While tuition is free, students in need can receive scholarships for private lessons or to take classes at other institutions.
"A lot of that is going to be driven by the donors and investors," Klinedinst said.
The bigger and better fundraising arm that rose from the ashes of Friends of SCPA reflects a new spirit of teamwork and cooperation among school board members, the school's leaders and parents, he said.
"Being on the same page is the big news. I've been around a long time, and that hasn't always been the case," Klinedinst said
Achieving cooperation took a lot of upheaval in the SCPA community. As Friends of SCPA was heading toward dissolution, the school board conducted a series of internal and external assessments of the schools strengths and deficiencies.
A study conducted by DeVos, a nationally prominent arts consultancy, pointed to poor communication and other failures of leadership within the school.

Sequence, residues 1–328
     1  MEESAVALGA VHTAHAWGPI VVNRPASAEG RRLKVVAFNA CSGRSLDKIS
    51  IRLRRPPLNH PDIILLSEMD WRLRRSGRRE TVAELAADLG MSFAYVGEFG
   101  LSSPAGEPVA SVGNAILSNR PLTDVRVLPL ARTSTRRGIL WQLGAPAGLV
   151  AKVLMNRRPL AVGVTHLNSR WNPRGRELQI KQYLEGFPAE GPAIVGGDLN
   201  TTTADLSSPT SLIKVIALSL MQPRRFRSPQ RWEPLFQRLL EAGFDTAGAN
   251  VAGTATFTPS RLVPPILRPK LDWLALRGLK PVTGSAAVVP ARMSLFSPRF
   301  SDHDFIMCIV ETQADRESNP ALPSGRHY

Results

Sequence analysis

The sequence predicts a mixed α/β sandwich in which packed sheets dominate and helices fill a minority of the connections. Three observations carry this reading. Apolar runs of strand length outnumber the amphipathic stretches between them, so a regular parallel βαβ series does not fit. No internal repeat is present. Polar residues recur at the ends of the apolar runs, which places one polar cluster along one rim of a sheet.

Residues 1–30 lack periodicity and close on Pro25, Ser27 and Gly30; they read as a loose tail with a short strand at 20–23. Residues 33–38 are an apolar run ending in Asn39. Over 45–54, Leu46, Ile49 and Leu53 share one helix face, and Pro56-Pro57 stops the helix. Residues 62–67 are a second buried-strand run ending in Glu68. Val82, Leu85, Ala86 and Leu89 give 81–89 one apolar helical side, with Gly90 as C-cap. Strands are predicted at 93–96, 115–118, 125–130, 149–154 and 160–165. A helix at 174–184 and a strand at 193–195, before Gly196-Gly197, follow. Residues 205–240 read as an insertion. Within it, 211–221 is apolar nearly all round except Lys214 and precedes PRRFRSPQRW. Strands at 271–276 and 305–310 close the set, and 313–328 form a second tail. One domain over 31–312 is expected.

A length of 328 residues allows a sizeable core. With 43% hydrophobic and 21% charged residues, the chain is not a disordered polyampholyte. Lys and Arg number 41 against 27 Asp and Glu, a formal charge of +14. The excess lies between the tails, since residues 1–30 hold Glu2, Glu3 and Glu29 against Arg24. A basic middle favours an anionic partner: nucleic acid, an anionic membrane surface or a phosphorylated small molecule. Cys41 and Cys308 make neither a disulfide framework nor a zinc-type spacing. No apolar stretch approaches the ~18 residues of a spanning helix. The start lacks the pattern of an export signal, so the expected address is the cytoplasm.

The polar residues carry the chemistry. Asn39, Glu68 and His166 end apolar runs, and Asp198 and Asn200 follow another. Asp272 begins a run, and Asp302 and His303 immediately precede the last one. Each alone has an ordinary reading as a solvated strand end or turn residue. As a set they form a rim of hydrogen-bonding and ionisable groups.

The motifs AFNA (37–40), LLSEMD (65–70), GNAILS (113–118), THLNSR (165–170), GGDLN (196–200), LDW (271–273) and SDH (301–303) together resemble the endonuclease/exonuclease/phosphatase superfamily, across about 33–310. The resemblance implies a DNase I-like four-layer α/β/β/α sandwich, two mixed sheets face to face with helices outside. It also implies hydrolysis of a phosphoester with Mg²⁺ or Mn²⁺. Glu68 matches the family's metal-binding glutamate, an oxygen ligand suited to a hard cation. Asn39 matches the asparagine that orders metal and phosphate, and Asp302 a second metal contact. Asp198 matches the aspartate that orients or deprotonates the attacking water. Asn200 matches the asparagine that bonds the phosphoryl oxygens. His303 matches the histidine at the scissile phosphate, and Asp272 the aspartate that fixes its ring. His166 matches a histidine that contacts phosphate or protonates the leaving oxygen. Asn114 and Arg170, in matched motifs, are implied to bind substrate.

The board reassigned Principal Steven Brokamp and the longtime, widely loved Artistic Director Isidore Rudnick last spring. In short order, the board resolved to adopt most of DeVos' recommendations for strengthening the school, including creating an executive director position to oversee the principal and artistic director.
Mayerson said a key to the turnaround was the board's decisive actions to take the criticisms and recommendations and act quickly to improve the school.
"I want the board to get credit for making the decisions they did. They could have made different choices and had a very different outcome," he said.
The new team in action
Nick Nissley, SCPA's first executive director, was hired in June and is feeling bullish about the school's future.
"I think what we're doing is really reigniting the passion that the students and parents have for the school," he said.
As an illustration, he cited the generosity of a junior high school student who was cast in Mariah Carey's "Melody & Mistletoe" movie that was filmed in Cincinnati. That student received a relatively big paycheck for her work.
"The young lady was told by her mother that when she got her check she wanted her to put 80 percent into her savings, 10 percent to spend as she wanted and 10 percent to be donated to their church," he said.
The student liked the plan, but she persuaded her mom to give 5 percent to their church and 5 percent to SCPA.